Taking a swing at swinging
I was watching a TV broadcast of a game between the Red Sox and the Devil Rays, comfortably insulated, so I thought, from all the trouble and turmoil of the outside world, when their single avenue of invasion into my home, the telephone, began sounding its alarm. It was a long distance call from a friend who had, perhaps with some misgivings, accepted the task of appearing on a television show to bat for traditional marriage against opponents who would be promoting the benefits of “swinging.” He was soliciting ammunition from me in the form of brief and hard-hitting lines that might prove effective before a TV audience not known for its desire or even capacity to follow the tedious path of rational argumentation.
In late December of last year, Canada’s Supreme Court, as the press noted, “redefined” indecency to mean “causing harm.” This meant that such activities as swinging, partner swapping and orgies (even for participants as young as 14) would no longer violate canons against indecency. The court, of course, does not possess such far-reaching powers. It is quite incapable of changing the meanings of either words or realities. By no stretch of the imagination or power of judiciaries can “indecency” come to mean “causing harm.” What the court did was replace the notion of “indecency” with the notion of “causing harm.” And it did this because it no longer understands the meaning of either “decency” or “indecency.” It also rejected “community standards,” since we now live in a highly “diverse” society.
Beverley McLachlin, who wrote the ruling, made it clear that such notions as decency are anything but clear: “Over time, courts increasingly came to recognize that morals and taste were subjective, arbitrary and unworkable in the criminal context and that a diverse society would function only with a generous measure of tolerance for minority mores and practices.”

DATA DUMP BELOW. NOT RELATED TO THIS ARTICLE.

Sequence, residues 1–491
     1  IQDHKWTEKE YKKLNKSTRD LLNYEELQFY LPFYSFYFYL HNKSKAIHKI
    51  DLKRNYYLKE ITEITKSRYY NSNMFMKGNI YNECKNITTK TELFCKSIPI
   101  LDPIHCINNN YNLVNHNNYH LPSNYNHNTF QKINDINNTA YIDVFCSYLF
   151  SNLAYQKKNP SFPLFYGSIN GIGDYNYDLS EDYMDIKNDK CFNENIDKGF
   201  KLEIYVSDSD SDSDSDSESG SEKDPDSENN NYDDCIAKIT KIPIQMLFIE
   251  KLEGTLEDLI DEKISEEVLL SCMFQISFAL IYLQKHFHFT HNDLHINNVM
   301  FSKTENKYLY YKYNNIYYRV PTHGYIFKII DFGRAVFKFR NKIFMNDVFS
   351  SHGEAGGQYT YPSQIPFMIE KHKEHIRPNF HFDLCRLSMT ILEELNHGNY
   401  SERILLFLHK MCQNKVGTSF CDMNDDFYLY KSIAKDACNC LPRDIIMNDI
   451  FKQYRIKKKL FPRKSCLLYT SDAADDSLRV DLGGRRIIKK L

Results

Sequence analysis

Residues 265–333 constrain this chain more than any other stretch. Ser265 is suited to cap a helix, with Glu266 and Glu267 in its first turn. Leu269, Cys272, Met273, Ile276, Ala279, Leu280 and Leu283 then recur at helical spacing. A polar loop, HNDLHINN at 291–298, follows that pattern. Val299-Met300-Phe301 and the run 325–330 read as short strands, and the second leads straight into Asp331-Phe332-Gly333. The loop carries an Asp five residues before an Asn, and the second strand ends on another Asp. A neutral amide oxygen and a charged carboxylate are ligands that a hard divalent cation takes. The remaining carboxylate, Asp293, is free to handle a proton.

The court, however, remains unconcerned about the delayed harm that indiscriminate sexual activities would bring to its practitioners in the form of disease, unintended pregnancies, marital discord, public humiliation and all the personal shame that results from treating others and being treated as objects. The court prides itself on being “tolerant” and “liberal,” whereas it should be castigating itself for being morally bankrupt. “Let us not decide what is good,” as G. K. Chesterton once remarked. “Let us decide that it is good not to decide.”
Meanwhile, back at the homestead, it was the home half of the third inning. A more noble form of swinging was taking place right before my very eyes. The Bosox were banging the ball all over the park while the bedeviled team from Tampa witnessed seven runners crossing the plate. The phone call dampened the fun for me a bit. On the other hand, the Red Sox best offensive display of the young season made my friend’s plea more agreeable.
I promised to e-mail him some material the next morning. When I wakened, rather early, I must say, the following thoughts were rattling around in my head, which I duly dispatched to my most receptive ally. “Swinging” is for monkeys who swing from limb to limb. Their realm is the jungle. But mature human beings are called to build a civilization. They are not content with oscillating endlessly from one thing to another. They seek a foundation from which they can build a future for their children and grandchildren.
It is easy to make any idea seem appealing in a discussion. But the ultimate test of the value of an idea is the test of time. Man is the only animal who knows his grandparents and conversely, his grandchildren. Man is a historical being; he achieves his life’s purpose on the horizon of time. Human beings find meaning, not in indecisive, uncommitted “swinging,” but in a firm dedication to a vision. We should have learned from history by now that we need to be dedicated to a purpose that transcends the moment. Self-indulgence is not the road to progress.
The appeal that “swinging” has will always be for the immature, those who misinterpret the challenges of life as burdens. I can’t even say that “swinging” is infantile, since even infants do not want to swing from adult to adult, but want to stay close to their parents. “Swinging,” therefore, is regressive, slipping backwards down the evolutionary slope to a primitive time and species where things like fidelity, marriage, family and civilization were not important.
It is not daring to be a “swinger.” What is daring is to have faith in a unknown future and have the confidence that love and personal commitment will bring about a better life. “Swinging” is keeping your eyes “wide shut.” It remains on the level of instinct. The reason there is sexual morality is to channel the sex instinct so that it is fulfilled and finds its purpose in the institution of marriage. Sexual morality is the journey from instinct to institution. “Swingers” are forever sampling, but never selecting. They remain on the outskirts of life.
The foundation of freedom is still the solidarity of the family. And you can’t be solid if you can’t stop swinging.
Donald DeMarco teaches at the Holy Apostles College and Seminary.